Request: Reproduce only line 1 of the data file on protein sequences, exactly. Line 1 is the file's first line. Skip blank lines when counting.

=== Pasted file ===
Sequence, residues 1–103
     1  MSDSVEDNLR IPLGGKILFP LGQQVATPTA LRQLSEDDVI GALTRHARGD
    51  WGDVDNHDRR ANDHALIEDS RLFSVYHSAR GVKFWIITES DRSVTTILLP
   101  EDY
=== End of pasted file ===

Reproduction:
Sequence, residues 1–103